"Consider what we’ve done with clean energy. The tax credits and loan guarantees in the Recovery Act alone will lead to 720,000 clean energy jobs in America by 2012 -- 720,000. (Applause.) I’ll give you one example. The United States used to make less than 2 percent of the world’s advanced batteries for hybrid cars. By 2015, because of the investments that we made, we’ll have enough capacity to make up to 40 percent of these batteries.
Now, this brings me to an issue that’s on everybody’s minds right now -- namely, what kind of energy future can ensure our long-term prosperity. The catastrophe unfolding in the Gulf right now may prove to be a result of human error, or of corporations taking dangerous shortcuts to compromise safety, or a combination of both. And I’ve launched a National Commission so that the American people will have answers on exactly what happened. But we have to acknowledge that there are inherent risks to drilling four miles beneath the surface of the Earth, and these are risks -- (applause) -- these are risks that are bound to increase the harder oil extraction becomes. We also have to acknowledge that an America run solely on fossil fuels should not be the vision we have for our children and our grandchildren. (Applause.)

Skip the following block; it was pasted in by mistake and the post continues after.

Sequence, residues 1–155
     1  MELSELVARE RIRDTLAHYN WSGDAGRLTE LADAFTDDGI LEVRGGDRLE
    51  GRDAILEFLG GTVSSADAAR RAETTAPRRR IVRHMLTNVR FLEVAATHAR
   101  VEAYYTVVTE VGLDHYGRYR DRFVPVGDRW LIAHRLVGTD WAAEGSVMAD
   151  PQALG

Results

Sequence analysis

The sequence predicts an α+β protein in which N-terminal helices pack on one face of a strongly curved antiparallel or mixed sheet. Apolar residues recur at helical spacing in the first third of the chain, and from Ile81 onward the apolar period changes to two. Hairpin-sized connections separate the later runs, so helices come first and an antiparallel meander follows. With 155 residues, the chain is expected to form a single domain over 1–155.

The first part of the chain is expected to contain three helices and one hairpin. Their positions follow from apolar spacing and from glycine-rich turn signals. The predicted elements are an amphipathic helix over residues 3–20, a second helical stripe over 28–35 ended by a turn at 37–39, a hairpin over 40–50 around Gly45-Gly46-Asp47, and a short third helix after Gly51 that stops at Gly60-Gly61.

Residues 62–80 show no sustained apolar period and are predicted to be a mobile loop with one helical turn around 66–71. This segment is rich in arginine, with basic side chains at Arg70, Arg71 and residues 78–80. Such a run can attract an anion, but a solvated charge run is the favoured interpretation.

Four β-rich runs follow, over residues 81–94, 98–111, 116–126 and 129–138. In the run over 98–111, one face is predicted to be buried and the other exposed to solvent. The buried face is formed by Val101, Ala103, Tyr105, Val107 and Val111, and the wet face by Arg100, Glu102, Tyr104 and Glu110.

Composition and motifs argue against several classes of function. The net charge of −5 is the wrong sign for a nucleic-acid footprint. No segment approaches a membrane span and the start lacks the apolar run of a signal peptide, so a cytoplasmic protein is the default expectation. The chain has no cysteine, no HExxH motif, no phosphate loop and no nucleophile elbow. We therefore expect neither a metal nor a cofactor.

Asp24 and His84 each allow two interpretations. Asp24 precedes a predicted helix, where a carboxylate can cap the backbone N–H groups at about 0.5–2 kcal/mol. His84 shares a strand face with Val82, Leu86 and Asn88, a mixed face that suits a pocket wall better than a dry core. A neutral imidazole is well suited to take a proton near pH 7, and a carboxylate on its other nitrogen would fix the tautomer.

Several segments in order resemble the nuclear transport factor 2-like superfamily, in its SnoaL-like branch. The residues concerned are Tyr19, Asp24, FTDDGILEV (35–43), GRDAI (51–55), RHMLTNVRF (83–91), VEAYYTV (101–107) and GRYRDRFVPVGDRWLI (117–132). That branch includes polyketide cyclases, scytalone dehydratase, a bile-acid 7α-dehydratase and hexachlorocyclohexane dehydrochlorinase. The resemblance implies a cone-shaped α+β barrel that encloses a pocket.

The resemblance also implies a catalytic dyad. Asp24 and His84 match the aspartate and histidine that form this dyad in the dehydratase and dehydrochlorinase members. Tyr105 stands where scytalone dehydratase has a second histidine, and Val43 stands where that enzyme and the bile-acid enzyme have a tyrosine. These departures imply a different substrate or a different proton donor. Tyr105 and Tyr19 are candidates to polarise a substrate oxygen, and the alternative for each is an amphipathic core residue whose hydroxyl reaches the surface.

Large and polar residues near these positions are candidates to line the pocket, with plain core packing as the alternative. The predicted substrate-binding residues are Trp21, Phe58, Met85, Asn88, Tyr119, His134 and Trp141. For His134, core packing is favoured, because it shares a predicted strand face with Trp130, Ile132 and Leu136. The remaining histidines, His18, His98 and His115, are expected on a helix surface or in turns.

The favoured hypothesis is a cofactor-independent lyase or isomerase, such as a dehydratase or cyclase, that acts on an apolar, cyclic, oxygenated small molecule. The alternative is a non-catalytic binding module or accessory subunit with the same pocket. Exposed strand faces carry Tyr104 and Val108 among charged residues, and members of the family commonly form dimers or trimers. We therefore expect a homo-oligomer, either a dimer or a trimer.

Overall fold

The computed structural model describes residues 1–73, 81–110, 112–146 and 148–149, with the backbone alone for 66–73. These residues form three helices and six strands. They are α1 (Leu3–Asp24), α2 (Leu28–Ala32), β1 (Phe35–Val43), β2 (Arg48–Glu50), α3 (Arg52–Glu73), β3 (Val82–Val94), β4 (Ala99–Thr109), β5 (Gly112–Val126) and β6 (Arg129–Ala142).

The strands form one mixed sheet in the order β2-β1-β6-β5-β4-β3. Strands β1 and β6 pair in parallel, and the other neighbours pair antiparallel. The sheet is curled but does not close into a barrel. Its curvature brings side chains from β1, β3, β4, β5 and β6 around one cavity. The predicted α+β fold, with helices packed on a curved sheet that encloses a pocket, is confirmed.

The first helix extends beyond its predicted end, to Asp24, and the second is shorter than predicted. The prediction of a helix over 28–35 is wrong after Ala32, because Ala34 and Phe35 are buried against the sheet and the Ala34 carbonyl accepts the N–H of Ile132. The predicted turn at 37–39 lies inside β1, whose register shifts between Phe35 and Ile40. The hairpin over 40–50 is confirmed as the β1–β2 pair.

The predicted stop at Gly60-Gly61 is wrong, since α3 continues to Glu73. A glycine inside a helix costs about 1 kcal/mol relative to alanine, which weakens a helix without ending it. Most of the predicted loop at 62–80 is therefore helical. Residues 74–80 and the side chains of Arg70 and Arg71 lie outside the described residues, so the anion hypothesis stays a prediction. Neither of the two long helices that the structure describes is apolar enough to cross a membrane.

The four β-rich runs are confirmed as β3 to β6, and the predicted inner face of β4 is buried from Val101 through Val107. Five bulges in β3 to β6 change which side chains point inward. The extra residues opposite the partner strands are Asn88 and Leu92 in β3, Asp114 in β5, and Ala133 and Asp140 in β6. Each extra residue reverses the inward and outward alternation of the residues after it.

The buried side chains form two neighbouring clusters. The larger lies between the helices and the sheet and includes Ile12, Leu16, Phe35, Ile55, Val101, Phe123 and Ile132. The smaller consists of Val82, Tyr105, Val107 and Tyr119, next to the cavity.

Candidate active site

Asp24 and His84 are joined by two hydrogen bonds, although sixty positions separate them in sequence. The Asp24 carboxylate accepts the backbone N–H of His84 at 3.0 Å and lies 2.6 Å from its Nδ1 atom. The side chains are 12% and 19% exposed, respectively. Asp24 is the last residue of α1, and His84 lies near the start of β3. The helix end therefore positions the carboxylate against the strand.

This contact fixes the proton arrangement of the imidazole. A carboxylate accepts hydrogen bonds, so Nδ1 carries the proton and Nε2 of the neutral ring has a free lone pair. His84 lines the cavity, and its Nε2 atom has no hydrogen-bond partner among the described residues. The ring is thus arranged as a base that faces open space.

We consume more than 20 percent of the world’s oil, but have less than 2 percent of the world’s oil reserves. So without a major change in our energy policy, our dependence on oil means that we will continue to send billions of dollars of our hard-earned wealth to other countries every month -- including countries in dangerous and unstable regions. In other words, our continued dependence on fossil fuels will jeopardize our national security. It will smother our planet. And it will continue to put our economy and our environment at risk.
Now, I understand that we can’t end our dependence on fossil fuels overnight. That’s why I supported a careful plan of offshore oil production as one part of our overall energy strategy. But we can pursue such production only if it’s safe, and only if it’s used as a short-term solution while we transition to a clean energy economy.